As the seasons change, new life is taking flight in Myers Park.
You may remember nervous Nellie and lazy Ned, two barred owls that lived together for years in Edgehill Park. Last summer, Ned was injured and hospitalized at the Carolina Raptor Center.
Nellie remained at home, high up in the willow oaks, a single mom to three little owlets. Below, the residents of Myers Park anxiously waited for the happy couple to be reunited.
Owls mate for life. But weeks passed, and Ned never returned. He can’t fly well enough to be in the wild.
So Nellie moved on.
Marsha Gaspari, a naturalist who blogs about the owls, said Nellie probably had a hard time at first finding a new mate. “Not many would help a widow with three babies to feed.”
But after months of Nellie being on her own, a new “stud” swooped in. He began courting her in January when the owl’s mating season begins. Laura Gaines, who lives near the park, noticed the new owl and tried to talk to Nellie’s suitor – but he flew away.
“He is really cute and Nellie just couldn’t resist,” Gaines said.
Nellie is now happily in a new relationship with two baby owls.
Learning to fly
While the family generally keeps to Edgehill Park, sometimes the four owls venture to nearby Squirrel Park where residents of Myers Park occasionally spot them.
The baby owls are still in their awkward, fluffy and cute stage. They still can’t fly far. But if you look up in the trees around dusk, you may see them jumping around on branches and learning from their parents.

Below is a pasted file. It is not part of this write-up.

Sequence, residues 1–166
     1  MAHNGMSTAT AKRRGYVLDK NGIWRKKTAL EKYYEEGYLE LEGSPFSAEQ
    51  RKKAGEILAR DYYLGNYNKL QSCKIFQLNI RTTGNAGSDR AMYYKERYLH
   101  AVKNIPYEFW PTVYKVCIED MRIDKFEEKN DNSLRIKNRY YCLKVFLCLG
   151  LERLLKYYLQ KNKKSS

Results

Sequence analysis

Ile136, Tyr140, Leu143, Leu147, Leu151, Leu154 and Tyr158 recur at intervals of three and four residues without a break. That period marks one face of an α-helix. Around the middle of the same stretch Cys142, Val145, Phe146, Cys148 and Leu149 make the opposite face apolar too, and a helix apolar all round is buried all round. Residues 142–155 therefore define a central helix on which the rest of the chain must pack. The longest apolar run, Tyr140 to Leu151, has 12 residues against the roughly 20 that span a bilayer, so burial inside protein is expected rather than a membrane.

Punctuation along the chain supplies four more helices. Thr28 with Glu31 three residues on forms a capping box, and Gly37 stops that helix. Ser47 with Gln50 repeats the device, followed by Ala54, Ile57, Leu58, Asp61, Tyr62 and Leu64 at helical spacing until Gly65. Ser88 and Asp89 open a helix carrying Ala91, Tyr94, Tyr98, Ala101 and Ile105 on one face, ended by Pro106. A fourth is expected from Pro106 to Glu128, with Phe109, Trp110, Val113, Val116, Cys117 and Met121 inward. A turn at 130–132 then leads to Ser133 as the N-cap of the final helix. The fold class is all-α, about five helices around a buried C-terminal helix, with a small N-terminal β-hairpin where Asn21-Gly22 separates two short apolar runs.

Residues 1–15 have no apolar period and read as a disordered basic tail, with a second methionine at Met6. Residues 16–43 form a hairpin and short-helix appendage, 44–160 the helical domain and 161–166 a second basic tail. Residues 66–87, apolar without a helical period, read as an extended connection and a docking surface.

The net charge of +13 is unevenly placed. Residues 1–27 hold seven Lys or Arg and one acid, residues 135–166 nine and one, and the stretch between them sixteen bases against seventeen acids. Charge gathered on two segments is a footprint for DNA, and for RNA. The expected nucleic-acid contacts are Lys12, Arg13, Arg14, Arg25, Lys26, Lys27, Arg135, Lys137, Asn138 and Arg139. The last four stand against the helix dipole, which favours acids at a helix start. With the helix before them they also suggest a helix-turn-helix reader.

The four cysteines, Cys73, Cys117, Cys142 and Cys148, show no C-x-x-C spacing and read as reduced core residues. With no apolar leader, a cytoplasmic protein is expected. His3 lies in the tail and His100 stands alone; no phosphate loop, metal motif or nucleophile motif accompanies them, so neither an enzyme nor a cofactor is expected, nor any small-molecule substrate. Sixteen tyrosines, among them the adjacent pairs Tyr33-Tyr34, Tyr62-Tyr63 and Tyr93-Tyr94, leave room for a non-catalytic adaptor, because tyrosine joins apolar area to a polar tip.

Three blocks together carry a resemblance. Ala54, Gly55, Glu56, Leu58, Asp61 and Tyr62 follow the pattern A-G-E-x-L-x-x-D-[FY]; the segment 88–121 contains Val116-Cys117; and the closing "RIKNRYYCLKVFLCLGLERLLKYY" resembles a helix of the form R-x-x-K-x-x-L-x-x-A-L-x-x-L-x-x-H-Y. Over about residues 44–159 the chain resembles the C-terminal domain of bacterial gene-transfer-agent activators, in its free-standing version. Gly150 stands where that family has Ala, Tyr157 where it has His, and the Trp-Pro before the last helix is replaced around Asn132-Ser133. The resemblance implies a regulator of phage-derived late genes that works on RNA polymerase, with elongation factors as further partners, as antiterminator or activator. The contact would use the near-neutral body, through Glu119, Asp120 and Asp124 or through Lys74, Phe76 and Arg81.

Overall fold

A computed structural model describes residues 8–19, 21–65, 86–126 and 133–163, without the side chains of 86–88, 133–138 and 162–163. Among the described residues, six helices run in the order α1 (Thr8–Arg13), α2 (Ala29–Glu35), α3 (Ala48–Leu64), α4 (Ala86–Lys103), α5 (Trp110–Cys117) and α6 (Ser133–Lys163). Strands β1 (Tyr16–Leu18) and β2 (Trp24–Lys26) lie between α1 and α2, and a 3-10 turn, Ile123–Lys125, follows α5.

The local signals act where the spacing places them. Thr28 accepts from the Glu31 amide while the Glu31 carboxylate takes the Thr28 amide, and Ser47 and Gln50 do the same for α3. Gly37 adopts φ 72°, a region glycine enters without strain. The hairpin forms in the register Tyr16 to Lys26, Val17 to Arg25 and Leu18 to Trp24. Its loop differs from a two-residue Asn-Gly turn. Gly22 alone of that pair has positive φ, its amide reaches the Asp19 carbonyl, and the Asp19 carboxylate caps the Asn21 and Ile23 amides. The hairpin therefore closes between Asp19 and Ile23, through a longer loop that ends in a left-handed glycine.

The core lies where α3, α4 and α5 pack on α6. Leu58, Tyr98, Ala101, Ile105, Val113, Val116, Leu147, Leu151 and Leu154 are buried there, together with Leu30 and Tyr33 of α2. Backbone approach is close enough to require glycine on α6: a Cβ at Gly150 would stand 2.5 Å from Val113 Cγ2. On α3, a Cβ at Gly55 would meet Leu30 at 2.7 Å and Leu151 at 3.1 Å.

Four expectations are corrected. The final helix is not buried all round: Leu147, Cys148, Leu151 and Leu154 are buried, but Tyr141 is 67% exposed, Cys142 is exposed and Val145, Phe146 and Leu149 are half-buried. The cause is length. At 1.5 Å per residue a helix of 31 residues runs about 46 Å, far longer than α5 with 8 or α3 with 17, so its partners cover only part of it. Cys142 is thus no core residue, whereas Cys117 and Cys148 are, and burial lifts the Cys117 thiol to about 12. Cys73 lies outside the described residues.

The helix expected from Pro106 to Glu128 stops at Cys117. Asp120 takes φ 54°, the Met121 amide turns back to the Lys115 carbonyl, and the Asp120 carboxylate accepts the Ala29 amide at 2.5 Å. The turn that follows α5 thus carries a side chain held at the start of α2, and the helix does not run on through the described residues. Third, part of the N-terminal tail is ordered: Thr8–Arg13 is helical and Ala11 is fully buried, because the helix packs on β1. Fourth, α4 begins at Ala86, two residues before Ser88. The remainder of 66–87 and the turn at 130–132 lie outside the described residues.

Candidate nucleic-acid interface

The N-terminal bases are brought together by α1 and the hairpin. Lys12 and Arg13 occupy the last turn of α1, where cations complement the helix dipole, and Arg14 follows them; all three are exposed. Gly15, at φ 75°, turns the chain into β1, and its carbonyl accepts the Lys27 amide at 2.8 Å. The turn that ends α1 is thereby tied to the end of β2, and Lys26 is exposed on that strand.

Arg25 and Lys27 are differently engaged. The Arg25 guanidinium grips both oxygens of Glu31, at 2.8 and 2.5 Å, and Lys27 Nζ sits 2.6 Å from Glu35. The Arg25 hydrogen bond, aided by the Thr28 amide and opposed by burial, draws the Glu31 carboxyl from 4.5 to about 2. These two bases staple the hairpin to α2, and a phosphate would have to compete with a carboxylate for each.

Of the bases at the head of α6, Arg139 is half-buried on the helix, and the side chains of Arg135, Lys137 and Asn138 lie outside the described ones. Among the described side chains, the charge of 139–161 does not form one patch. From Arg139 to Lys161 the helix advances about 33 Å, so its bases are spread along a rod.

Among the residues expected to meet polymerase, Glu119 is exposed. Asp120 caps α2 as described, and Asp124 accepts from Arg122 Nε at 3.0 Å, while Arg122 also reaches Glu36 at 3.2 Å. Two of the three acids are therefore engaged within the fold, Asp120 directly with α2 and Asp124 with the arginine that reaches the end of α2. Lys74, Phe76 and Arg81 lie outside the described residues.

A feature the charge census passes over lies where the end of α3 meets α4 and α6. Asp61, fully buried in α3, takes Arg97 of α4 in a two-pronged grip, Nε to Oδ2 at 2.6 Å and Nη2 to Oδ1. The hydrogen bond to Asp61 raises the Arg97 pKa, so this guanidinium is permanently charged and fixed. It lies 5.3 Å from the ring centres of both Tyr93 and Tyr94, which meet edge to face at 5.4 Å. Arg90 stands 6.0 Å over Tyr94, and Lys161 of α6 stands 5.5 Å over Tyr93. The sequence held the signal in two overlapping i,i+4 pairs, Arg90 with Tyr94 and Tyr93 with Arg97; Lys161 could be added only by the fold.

Nellie’s kids, like all ambitious siblings, have a competitive spirit and often try to outdo each other. “One tries to do something and then the other will try to do it,” Gaspari said.
Despite their friendly rivalry, the two are inseparable.
Nellie and her new mate are teaching their young owls how to pounce on prey, how to fly and how to do other owl duties. It is a learning process, and sometimes the branches of the old trees in Myers Park on which they practice can break.
It could be very dangerous if one fell.
Ned’s new career
But, if one of the babies is injured, it’s possible Ned would take care of the owlet.
After his accident, Ned discovered a new calling – helping other owls in need. He now acts as a surrogate father at the Carolina Raptor Center, nurturing and raising baby owls that are injured or separated from their parents.
“We knew Ned had a history of being a good parent,” said David Scott, the veterinarian at the Raptor Center. “He is really good at it.”
While Ned is now a working man, Gaspari wonders if the real reason Ned isn’t flying is because he is too lazy to leave the free food at the center.
It is only a suspicion, but Ned always was a lazy owl. And at the Raptor Center, he even gets a five month off-season where he can relax. It fits him perfectly. “Hopefully Ned will be here for a long time,” Scott said.
While Ned and Nellie are now separate, their story of love and loss remains. Both are happily moving on and assuming new lives apart.
Tyler Fleming: 704-358-5355